Notaries that start their own notary business to work as loan signing agents (also known as notary signing agents) for title companies or real estate agents can earn a higher average salary because they typically charge a flat fee to the title company. Performing loan signings is a great way to increase your notary income.

Mobile notary fees

Notary charges for mobile notaries may include a travel fee, fees for waiting, parking, preparing loan documents (such as printing, stapling, etc), and other expenses associated with notarizing. Additional travel fees might also be charged on weekends or holidays.

Additional notary service fees

A notary might also charge fees for administrative tasks like copying documents, faxing documents, mailing documents, or other related services.

Discounts for Notary Fees

While it’s not required, some notaries choose to give discounts or waive fees altogether for those who cannot afford to pay. If you’re worried about the cost, it’s best to ask the notary public upfront how much their services will cost.

Also, many banks provide notarial services free of charge. Some of them might only do it for those with accounts, but others provide free notarial services for anyone.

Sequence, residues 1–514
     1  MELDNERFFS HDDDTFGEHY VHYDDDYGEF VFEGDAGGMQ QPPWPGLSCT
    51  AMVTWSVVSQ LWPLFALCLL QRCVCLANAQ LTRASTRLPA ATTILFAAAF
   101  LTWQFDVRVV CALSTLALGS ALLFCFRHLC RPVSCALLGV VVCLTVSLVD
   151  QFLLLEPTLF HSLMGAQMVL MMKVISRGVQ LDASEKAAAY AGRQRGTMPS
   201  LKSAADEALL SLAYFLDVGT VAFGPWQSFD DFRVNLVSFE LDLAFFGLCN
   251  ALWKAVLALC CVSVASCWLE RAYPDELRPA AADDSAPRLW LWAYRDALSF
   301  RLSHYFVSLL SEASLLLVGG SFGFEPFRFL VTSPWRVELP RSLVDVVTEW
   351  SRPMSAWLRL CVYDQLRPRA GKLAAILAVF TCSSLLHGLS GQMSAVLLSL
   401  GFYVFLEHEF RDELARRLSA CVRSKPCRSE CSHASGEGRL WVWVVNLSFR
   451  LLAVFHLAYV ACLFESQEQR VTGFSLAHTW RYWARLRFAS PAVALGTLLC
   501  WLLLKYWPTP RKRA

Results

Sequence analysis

What should I do if I’m charged too much?

Notaries usually know what the legal limits for their charges are. If they charge too much, it could cause them legal trouble.

You can ask the notary what the cost will be in your state. You should be given a receipt at the end of the notarization so you know the price you paid.

If you think you were charged too much to notarize documents, you can file a complaint with the California Secretary of State’s Notary Public Section. Keep in mind, though, that loan papers are typically charged by the package, and the cost for the actual notarizations is itemized in an invoice to the closing company.

What Notaries Can’t Do

If you’re preparing papers for notary public services, remember that notaries aren’t attorneys. Furthermore, if they act incorrectly, they may face disciplinary action. Notaries are not required to study the contents of a contract. They don’t have the power to decide whether the documents in question are legitimate or fair. If you want legal assistance, contact an attorney in your area.

How much do notaries make?

According to ZipRecruiter, California notaries make an average notary salary of $51,703 annually. This figure can vary depending on experience, location, industry, and demand for the notary’s services. Ultimately, a notary’s income depends on the amount of work they put in and the demand for their services. Notary publics who become Notary Signing Agents and start their own business can make $100k/year or more.

California Secretary of State Contact Information

You can find contact information on the California Secretary of State’s website.

Want to become a CA notary public?

If you want to become a notary public in California, the first step is to see if you meet the requirements.

Want to Become a Notary Public in California?